Congress Square Park is a central part of Portland's arts district and was successfully programmed by local nonprofits in the 1980s and 90s. But in the early 2000s, this ended, as did much of the activity that made the space exciting to visitors. As a result, the City of Portland became interested in selling the site for development. When word of this plan got out, groups like the Friends of Congress Square Park sprung up to help the park live up to its potential. The grassroots group invited Project for Public Spaces to Portland to meet with city leaders and community members about the park's future. Project for Public Spaces convinced locals to try "proactive placemaking," to demonstrate the park's value and potential through "lighter, quicker, cheaper" programming like movies and food trucks.
In 2015, Project for Public Spaces helped expand this transformation and create a place vision for the park, with technical services and implementation made possible by support from the Southwest Airlines Heart of the Community program. Building on community outreach done by the City, Project for Public Spaces supplied a range of new ideas for programming, like Tai Chi and swing dancing, along with free Wi-Fi and outdoor furniture created by local designers. These changes paved the way for the park to be preserved and used daily once more, rekindling a sense of place in Congress Square Park.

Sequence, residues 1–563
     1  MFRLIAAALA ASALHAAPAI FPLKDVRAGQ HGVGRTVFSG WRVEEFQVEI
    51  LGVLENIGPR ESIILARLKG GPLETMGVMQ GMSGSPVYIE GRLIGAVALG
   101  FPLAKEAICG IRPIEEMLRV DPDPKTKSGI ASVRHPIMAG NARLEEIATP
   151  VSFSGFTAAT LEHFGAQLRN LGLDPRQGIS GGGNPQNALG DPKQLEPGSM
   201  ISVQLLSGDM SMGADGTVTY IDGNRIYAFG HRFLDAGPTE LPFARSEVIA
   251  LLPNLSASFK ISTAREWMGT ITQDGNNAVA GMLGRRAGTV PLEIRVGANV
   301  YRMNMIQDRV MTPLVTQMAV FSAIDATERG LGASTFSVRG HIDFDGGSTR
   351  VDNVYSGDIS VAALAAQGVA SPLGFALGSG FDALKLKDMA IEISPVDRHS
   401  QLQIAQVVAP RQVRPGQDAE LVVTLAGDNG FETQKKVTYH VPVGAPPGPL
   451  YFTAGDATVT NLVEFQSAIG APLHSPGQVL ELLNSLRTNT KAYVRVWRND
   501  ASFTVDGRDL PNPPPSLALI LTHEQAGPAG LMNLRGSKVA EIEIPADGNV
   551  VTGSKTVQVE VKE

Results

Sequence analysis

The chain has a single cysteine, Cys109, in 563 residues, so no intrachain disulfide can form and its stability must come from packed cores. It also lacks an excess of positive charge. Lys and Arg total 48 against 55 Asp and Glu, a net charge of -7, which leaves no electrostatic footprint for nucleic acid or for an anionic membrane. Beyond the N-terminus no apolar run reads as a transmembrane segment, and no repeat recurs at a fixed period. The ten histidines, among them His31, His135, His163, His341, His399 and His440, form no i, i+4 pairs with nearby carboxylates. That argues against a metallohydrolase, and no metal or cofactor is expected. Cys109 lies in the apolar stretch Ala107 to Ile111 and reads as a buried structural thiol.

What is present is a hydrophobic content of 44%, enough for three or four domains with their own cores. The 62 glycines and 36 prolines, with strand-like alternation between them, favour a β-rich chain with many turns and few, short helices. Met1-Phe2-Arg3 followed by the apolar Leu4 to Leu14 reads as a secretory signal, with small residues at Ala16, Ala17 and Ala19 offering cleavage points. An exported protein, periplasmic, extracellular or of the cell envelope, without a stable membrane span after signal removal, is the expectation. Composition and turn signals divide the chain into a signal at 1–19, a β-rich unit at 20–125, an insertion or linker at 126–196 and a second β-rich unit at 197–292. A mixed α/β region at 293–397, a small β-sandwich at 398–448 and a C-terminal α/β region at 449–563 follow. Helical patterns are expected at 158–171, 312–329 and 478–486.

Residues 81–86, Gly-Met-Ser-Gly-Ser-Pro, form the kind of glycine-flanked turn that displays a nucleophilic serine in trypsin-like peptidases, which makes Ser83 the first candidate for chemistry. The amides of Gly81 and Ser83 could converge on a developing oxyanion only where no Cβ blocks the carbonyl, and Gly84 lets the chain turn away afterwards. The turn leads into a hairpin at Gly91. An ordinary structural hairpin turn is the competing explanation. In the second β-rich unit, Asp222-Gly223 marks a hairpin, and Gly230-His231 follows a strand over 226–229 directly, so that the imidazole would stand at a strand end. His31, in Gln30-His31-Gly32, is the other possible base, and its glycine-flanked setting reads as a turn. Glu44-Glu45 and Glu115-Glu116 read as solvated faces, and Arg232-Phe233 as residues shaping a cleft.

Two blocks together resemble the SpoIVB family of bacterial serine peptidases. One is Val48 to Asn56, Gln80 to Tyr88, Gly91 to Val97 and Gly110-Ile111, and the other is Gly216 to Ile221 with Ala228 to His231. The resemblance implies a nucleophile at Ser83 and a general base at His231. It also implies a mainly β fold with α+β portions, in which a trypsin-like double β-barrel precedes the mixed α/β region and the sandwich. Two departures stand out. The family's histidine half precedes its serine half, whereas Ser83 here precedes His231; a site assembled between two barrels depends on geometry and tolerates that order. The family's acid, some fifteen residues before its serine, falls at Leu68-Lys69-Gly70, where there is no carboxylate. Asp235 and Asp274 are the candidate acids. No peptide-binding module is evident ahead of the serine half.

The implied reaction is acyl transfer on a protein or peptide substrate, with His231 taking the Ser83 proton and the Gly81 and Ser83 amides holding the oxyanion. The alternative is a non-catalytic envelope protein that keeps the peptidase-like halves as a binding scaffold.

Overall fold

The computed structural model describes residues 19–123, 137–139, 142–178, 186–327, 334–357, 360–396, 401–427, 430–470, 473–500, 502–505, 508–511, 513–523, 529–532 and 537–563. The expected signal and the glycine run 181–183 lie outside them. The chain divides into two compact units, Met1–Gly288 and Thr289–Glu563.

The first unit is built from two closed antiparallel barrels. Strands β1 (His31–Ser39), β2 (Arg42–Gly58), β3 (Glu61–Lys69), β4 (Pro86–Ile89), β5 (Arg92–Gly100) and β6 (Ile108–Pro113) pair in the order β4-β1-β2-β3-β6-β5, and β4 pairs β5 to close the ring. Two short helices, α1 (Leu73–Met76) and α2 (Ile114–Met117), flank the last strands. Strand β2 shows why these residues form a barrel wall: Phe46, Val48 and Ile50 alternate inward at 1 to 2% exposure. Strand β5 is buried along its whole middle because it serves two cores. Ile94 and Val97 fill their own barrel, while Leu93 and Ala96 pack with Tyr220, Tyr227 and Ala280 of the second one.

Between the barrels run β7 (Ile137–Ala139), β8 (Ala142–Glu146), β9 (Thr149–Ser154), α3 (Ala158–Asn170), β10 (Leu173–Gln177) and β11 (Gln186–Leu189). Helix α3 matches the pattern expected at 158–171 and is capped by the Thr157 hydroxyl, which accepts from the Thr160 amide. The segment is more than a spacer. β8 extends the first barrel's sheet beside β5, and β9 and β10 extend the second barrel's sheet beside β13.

Place Evaluation & User Analysis
Community Engagement & Visioning
Place Plans & Design
Lighter, Quicker, Cheaper
Training & Capacity Building